Chapter V of the proposed Regulation sets out the tasks and duties of the ENTSO for Electricity and the monitoring tasks of ACER in this regard whilst clarifying its duty to act independently and for the European good. It defines the mission of Regional Operational Centres and provides for criteria and a procedure for defining system operation regions covered by each Regional Operational Centre and the coordination functions that these centres perform. It also sets out working and organisational arrangements, consultation requirements, requirements and procedures for the adoption of decisions and recommendations and their revision, the composition and responsibilities of the management board and liability arrangements of Regional Operational Centres. The chapter also incorporates rules on the connection if cogeneration units, previously included in Directive 2012/27/EU of the European Parliament and of the Council of 25 October 2012 on energy efficiency. The rules on a ten-year network development plan, inter-transmission system operator compensation, information exchange and certification remain largely unchanged.

Chapter VI of the proposed Regulation sets up a European entity for DSOs, defines a procedure for its establishment and its tasks including with regard to the consultation of stakeholders. It also provides detailed rules on the cooperation between DSOs and TSOs with regard to the planning and operation of their networks.

Chapter VII of the proposed Regulation sets out pre-existing powers and rules for the Commission to adopt delegated acts in the form of network codes or guidelines. It provides for clarifications as to the legal nature and the adoption of network codes and guidelines and enlarges their possible content to areas such as distribution tariff structures; rules for the provision of non-frequency ancillary services; demand response, energy storage and demand curtailment rules; cyber security rules; rules regarding to Regional Operational Centres; and, the curtailment of generation and redispatch of generation and demand. It simplifies and streamlines the procedure for the elaboration of electricity network codes and gives national regulators the possibility to decide within ACER on issues concerning the implementation of network codes and guidelines. It also includes the European entity for DSOs and other stakeholders more closely in the procedure of the development of proposals for electricity network codes.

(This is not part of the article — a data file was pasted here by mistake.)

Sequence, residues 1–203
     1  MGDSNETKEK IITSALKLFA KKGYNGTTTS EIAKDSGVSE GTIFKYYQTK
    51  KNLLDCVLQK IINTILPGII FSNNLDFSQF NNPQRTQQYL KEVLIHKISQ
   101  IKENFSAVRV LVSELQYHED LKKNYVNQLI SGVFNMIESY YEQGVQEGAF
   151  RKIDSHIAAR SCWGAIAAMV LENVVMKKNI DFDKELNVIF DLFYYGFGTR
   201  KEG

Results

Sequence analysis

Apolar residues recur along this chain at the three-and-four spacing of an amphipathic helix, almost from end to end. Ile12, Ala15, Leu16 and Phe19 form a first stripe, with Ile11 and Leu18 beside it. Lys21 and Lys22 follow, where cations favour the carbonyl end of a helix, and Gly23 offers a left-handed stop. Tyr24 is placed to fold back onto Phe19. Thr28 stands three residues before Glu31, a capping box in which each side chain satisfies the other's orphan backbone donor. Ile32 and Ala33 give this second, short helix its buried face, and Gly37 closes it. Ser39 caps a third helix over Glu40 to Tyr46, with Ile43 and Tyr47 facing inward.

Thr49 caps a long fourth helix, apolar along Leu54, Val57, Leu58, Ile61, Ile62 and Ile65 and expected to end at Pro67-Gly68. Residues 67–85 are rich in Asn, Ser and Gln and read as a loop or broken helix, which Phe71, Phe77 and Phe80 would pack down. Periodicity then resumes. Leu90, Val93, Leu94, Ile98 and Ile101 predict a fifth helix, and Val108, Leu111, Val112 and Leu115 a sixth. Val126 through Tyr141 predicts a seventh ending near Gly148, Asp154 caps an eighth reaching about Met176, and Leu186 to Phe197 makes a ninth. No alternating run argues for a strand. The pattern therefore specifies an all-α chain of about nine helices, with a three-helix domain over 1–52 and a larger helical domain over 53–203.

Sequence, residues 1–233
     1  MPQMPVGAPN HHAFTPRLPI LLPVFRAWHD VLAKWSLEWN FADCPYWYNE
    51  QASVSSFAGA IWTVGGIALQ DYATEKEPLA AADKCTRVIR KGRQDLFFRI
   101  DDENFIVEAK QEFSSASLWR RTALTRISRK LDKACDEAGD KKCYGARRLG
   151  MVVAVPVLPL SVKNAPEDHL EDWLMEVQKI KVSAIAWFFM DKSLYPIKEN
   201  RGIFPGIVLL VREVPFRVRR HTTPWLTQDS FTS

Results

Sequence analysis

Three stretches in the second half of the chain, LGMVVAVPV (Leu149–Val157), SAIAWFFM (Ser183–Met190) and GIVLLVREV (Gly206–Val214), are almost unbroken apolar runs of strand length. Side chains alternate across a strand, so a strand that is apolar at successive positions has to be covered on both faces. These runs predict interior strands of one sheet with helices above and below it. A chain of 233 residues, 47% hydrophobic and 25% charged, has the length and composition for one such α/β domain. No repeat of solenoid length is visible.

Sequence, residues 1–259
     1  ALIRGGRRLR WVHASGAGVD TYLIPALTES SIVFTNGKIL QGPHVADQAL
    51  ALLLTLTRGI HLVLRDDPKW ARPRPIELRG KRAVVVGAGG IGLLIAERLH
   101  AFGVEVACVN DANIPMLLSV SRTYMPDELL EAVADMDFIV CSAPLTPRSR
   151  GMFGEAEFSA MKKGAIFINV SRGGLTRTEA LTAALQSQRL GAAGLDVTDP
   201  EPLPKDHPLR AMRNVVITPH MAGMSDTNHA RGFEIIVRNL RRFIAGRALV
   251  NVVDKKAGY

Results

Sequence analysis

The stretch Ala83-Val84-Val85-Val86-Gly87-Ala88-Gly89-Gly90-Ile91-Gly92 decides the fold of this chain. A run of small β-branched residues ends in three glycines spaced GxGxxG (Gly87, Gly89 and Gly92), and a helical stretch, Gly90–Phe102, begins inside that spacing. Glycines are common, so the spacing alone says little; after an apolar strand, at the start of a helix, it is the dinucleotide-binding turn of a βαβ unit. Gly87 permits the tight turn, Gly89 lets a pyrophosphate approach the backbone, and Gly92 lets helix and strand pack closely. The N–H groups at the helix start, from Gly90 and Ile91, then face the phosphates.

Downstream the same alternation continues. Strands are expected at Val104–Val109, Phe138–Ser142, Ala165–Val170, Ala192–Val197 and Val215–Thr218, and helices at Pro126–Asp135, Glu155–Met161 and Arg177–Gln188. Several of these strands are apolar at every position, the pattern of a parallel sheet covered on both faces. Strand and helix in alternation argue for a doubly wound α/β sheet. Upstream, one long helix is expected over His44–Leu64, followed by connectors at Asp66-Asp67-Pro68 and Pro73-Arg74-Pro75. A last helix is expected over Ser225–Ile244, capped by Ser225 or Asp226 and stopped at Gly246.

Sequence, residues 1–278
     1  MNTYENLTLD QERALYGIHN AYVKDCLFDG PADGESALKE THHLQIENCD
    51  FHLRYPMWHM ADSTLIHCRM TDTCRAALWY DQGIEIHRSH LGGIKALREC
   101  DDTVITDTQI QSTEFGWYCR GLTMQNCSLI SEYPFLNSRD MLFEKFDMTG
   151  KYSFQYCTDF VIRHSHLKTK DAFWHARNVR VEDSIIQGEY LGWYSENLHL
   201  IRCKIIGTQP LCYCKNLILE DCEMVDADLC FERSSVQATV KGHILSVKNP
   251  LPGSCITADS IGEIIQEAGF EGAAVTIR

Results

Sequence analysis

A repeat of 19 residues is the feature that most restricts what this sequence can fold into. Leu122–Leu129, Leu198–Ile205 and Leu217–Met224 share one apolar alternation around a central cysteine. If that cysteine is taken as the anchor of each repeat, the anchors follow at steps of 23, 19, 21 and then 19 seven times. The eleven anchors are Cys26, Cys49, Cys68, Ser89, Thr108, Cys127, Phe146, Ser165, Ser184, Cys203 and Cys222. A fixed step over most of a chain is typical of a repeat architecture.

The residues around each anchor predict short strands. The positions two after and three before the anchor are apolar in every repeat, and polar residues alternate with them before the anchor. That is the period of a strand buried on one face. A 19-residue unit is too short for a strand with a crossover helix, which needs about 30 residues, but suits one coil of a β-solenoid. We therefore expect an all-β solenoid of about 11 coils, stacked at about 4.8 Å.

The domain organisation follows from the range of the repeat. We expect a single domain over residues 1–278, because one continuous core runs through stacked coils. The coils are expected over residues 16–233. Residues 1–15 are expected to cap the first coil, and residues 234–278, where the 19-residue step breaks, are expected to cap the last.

Chapter VIII of the proposed Regulation sets out the final provisions of the proposed Regulation. It includes the pre-existing rules for the exemption of new direct current interconnectors from certain requirement of the Electricity Directive and Regulation whilst clarifying the procedure for subsequent amendments made by NRAs thereof.

The Annex to the proposed Regulation defines in more detail the functions attributed to the Regional Operational Centers created by the Regulation.

Proposal for a Regulation of the European Parliament and of the Council

establishing a European Union Agency for the Cooperation of Energy Regulators (recast)

In general, the rules concerning ACER are proposed to be adapted to the 'Common Approach' on EU decentralised agencies agreed between the European Parliament, the Council of the EU and the European Commission (Common Approach)26. Keeping limited deviations from the 'Common Approach' is, however, warranted for ACER at the present stage.

Chapter I of the proposed Regulation describes the role, objectives and tasks of ACER and the type of acts that it can adopt, and provides for rules on consultations and monitoring. The list of tasks has been updated to include ACER's duties in the field of wholesale market supervision and cross-border infrastructure which were attributed to ACER subsequent to the adoption of the Regulation.

With respect to the adoption of electricity network codes, ACER is given more responsibility in elaborating and submitting the final proposal for a network code to the Commission, while maintaining ENTSO-E's role as a technical expert. The proposal also includes a formal place for DSOs to be represented at EU level, notably in the development of network code proposals, in line with an increase in their responsibilities. The Agency is given the competence to decide on terms, methodologies and algorithms for the implementation of electricity network codes and guidelines.

For tasks in a regional context concerning only a limited number of national regulators, a regional decision-making process is introduced. Accordingly, the Director would have to give his opinion on whether the issue in question is primarily of regional relevance. If the Board of Regulators agrees that this is the case a regional sub-committee of the Board of Regulators should prepare the decision in question which would finally be taken or rejected by the Board of Regulators itself. Otherwise the Board of Regulators would decide without the intervention of a regional sub-committee.